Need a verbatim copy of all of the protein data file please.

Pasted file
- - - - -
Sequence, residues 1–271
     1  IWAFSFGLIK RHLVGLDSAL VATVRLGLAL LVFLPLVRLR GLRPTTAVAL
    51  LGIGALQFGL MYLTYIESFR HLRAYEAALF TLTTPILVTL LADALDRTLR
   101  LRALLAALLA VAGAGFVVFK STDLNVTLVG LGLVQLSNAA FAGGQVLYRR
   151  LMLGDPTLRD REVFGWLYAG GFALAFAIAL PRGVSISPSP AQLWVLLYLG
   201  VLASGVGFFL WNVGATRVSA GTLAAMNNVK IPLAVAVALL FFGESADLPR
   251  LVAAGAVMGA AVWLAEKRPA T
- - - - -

Sequence, residues 1–271
     1  IWAFSFGLIK RHLVGLDSAL VATVRLGLAL LVFLPLVRLR GLRPTTAVAL
    51  LGIGALQFGL MYLTYIESFR HLRAYEAALF TLTTPILVTL LADALDRTLR
   101  LRALLAALLA VAGAGFVVFK STDLNVTLVG LGLVQLSNAA FAGGQVLYRR
   151  LMLGDPTLRD REVFGWLYAG GFALAFAIAL PRGVSISPSP AQLWVLLYLG
   201  VLASGVGFFL WNVGATRVSA GTLAAMNNVK IPLAVAVALL FFGESADLPR
   251  LVAAGAVMGA AVWLAEKRPA T